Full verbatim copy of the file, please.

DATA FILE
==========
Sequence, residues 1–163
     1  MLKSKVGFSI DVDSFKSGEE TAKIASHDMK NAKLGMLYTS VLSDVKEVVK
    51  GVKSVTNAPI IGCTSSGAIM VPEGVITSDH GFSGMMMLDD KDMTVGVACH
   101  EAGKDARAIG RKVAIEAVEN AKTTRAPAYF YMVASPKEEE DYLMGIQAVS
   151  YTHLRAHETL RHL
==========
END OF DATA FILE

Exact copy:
Sequence, residues 1–163
     1  MLKSKVGFSI DVDSFKSGEE TAKIASHDMK NAKLGMLYTS VLSDVKEVVK
    51  GVKSVTNAPI IGCTSSGAIM VPEGVITSDH GFSGMMMLDD KDMTVGVACH
   101  EAGKDARAIG RKVAIEAVEN AKTTRAPAYF YMVASPKEEE DYLMGIQAVS
   151  YTHLRAHETL RHL